A top U.S. general in Afghanistan steps down as the war ends and the Taliban sweep across much of the country.

KABUL, Afghanistan — The top American general in Afghanistan stepped down on Monday, a symbolic moment as the United States nears the end of its 20-year-old war and Taliban fighters sweep across the country.

At a muted ceremony at U.S. and NATO military headquarters in Kabul, Gen. Austin S. Miller ended his nearly three-year term as commander. His duties will be filled by two officials. Rear Adm. Peter G. Vasely, a former member of SEAL Team 6, will take charge of the security mission at the United States Embassy in Kabul. He will report to Gen. Kenneth F. McKenzie Jr., the head of the military’s Central Command, who will take over the broader military mission in Afghanistan.

“It’s important to me to say farewell,” General Miller said. The ceremony, which lasted less than an hour, was attended by high-ranking Afghan officials, including Abdullah Abdullah, who is leading peace negotiations. “Our job is now not to forget,” General Miller said.

General McKenzie, who arrived in Kabul on Monday, spoke afterward, assuring those present that the Americans were not abandoning the Afghan people in such dire times.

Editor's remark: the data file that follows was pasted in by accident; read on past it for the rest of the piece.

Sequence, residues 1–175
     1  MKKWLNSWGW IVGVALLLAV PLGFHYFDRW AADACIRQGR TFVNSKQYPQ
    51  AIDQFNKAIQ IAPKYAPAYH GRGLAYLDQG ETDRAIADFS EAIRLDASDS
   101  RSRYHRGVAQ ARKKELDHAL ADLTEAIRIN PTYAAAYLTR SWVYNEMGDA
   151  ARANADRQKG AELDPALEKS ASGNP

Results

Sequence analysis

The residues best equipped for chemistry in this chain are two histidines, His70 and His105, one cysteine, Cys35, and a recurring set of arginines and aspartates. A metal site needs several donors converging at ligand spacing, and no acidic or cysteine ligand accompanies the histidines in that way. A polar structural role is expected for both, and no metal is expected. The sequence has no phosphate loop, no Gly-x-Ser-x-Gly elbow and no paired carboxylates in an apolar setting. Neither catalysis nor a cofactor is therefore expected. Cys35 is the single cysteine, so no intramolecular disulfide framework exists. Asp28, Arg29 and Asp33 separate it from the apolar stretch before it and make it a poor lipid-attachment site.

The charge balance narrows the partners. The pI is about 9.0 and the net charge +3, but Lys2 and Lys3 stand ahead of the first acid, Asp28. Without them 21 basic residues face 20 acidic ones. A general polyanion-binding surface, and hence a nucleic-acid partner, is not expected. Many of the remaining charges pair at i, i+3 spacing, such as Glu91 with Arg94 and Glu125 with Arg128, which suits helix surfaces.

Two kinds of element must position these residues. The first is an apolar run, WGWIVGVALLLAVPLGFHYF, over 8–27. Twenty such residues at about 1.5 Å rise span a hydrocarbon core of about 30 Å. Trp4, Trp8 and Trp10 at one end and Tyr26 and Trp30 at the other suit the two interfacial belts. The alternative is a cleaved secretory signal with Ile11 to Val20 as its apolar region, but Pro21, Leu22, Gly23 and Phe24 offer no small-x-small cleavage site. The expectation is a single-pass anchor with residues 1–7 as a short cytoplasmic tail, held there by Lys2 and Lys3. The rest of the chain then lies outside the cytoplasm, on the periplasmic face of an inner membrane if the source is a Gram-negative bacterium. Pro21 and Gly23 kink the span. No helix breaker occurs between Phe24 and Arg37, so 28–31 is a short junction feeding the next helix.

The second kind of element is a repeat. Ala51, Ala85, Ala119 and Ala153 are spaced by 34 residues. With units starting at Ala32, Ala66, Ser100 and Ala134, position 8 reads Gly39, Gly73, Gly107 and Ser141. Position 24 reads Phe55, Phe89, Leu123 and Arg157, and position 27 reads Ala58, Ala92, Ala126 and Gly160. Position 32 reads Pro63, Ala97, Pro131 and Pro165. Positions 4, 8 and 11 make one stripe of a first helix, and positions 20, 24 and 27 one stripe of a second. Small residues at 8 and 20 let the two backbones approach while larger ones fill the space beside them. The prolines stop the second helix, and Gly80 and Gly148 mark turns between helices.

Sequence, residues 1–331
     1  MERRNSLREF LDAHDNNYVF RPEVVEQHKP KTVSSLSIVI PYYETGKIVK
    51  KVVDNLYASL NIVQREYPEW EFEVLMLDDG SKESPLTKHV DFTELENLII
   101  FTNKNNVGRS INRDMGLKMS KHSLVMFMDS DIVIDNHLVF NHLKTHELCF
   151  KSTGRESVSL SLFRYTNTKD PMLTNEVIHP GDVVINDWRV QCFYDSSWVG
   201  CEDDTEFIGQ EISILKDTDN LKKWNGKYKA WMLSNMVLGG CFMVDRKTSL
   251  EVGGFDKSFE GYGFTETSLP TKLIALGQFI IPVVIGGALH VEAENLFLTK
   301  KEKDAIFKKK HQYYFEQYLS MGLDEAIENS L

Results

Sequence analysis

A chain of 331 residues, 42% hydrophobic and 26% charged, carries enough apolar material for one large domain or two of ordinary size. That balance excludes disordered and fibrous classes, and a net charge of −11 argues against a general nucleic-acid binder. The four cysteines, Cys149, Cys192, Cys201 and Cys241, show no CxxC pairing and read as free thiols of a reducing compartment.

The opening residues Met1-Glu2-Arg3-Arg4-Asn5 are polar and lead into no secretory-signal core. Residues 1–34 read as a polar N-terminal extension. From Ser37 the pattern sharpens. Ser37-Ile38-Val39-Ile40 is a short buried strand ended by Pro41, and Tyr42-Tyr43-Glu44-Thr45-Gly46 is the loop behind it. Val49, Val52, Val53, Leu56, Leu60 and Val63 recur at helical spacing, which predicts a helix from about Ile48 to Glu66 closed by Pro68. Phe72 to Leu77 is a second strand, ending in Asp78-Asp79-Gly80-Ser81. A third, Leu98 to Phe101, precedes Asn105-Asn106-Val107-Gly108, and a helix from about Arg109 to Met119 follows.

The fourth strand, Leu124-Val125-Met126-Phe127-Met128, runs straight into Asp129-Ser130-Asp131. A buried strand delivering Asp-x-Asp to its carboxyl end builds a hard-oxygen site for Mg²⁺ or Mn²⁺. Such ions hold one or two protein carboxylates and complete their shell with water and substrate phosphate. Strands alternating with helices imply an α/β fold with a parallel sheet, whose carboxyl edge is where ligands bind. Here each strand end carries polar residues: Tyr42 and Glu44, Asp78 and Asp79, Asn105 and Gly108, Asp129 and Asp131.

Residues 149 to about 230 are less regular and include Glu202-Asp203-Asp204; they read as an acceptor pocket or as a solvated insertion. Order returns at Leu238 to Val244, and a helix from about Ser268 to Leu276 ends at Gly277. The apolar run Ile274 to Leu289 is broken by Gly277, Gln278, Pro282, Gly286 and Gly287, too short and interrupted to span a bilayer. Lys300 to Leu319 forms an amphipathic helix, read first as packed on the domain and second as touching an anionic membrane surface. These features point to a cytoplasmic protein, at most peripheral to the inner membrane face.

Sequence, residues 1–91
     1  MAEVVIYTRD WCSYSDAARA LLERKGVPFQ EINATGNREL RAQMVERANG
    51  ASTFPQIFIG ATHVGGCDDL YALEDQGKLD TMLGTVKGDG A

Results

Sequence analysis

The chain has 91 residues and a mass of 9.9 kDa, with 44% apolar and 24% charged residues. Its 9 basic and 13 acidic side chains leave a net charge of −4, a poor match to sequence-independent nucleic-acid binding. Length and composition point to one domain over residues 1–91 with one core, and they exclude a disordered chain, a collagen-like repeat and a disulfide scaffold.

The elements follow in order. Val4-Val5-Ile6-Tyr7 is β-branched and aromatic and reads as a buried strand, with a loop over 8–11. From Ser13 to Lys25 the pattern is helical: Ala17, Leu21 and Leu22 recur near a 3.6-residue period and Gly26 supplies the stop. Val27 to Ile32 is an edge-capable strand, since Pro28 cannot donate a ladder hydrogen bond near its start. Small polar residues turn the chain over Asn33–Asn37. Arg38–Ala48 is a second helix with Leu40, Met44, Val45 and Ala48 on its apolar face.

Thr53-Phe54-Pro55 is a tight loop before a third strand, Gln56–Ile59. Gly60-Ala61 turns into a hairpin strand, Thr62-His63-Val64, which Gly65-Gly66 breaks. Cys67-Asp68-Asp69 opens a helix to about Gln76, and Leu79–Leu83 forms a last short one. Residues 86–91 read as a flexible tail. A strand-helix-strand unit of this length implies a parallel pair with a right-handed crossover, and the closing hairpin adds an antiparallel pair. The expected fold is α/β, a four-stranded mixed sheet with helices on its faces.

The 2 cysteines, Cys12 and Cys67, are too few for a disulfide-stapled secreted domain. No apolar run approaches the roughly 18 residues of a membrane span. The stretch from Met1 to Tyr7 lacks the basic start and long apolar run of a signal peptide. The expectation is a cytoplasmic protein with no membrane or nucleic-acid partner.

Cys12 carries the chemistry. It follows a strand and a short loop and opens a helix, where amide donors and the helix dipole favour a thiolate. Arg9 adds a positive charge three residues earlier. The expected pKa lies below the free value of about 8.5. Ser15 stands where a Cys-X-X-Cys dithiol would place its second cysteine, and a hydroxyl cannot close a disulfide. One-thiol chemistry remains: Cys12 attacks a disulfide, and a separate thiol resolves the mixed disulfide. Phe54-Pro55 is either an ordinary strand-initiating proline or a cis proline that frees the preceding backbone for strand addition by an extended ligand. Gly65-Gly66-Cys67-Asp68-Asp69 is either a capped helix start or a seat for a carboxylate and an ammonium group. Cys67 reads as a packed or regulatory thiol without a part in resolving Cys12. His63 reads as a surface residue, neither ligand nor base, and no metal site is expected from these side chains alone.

“It’s not the end of the story,” General McKenzie said. “It’s the end of a chapter.”

General Miller oversaw a military campaign aimed at keeping the Taliban at the negotiating table and the Afghan forces unified in the face of political uncertainty.

Despite thousands of airstrikes, increased civilian casualties and short-term tactical gains, it is unclear how successful the U.S. military effort was: The final agreement between the insurgent group and the United States in February 2020 clearly favored the Taliban, and the Afghan government was completely cut out of the deal.

The Taliban have seized control of more than 160 of the country’s roughly 400 districts in the last two months, and hundreds of Afghan troops have surrendered, giving up their U.S.-supplied equipment and fleeing, sometimes into neighboring countries. Key provincial cities in both the north and south are under siege, and Afghan government counterattacks have had limited success.